Editor’s Note: In light of the Senate’s decision to strike down a bipartisan proposal to extend background checks on gun purchases—a proposal that had the support of 54 senators, 80% of the American public and President Obama—we’ve decided to rerun an article published in January on the complex issue of guns, the regulation of them and how Christians should wrestle with this issue.
January 19 is the controversial “first national gun appreciation day.”
As a lifelong gun owner from northern Wisconsin, I appreciate my guns. They hold a lot of personal value to me as a part of our family traditions of hunting and marksmanship. I’m proud of the legacy of responsible gun ownership that has been passed down to me.
For the past five years, I have also lived in downtown Chicago, working alongside others who are combating the epidemic of gun violence in this city—men and women with stray bullet holes in their homes and car doors who regularly lose children in their ministry care to violence. I have stood in candlelight vigils with mothers who have lost children and have listened to their pain.
I know something has to be done.
Despite gun-related violence and deaths being down overall, in a city with some of the toughest gun laws in the country, gun violence is up 25 percent, with over 450 school-aged children having been shot (63 fatally) last year.
This past Wednesday, President Obama unveiled a comprehensive gun-safety plan aimed at reducing gun violence. The rhetoric is heated, and sides are being chosen.
I do not want to debate. I want to stop the murder of innocents from ever happening. Regardless of your view on guns, I know you do too. Where do we begin?
1. Love God.
Clearly, God in His holiness abhors killing. This means engaging the issue with an extreme bias toward the preservation of all life and the reduction of violence by any means.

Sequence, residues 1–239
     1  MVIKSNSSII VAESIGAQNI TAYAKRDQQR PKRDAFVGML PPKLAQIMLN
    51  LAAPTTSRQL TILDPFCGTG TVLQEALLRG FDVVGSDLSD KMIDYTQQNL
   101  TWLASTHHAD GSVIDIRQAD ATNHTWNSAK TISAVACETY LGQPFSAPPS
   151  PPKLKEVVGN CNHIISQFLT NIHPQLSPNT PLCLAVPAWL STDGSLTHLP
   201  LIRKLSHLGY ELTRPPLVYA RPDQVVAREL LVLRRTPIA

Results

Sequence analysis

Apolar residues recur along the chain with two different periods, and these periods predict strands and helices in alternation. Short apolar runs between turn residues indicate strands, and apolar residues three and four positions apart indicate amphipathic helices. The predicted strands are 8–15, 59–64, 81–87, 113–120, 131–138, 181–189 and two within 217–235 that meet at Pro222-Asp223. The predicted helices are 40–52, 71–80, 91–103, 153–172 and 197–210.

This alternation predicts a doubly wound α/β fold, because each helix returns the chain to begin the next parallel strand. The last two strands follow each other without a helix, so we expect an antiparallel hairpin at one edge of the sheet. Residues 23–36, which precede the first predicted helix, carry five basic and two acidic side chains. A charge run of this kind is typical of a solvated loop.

Do we love God more than our legal rights? More than our possessions? More than our patriotism? More than our own safety? Are we being “careful that the exercise of [our] rights does not become a stumbling block to the weak (1 Cor 8:9)”?
Now, I have made no mention of the implications of those questions to the issue of guns, but if you feel a twinge of defensiveness or pride already, I would challenge you to pray about that.
2. Seek first the Kingdom.
Christians are to be about the work of announcing, building and representing an entirely new kind of reality here and now, on earth as it is in heaven. Our view is to be extraordinarily invested in the immediate concerns of this present reality.
Matthew 6:33-34: “But seek first the kingdom of God and his righteousness, and all these things will be added to you. Therefore do not worry about tomorrow, for tomorrow will worry about itself. Each day has enough trouble of its own.”
This means engaging the issue of gun control must be directed toward stopping violence today—not primarily toward defending against a potential future where certain freedoms might be more restricted. Concern about the future of America must not prevent us from addressing the brokenness of today.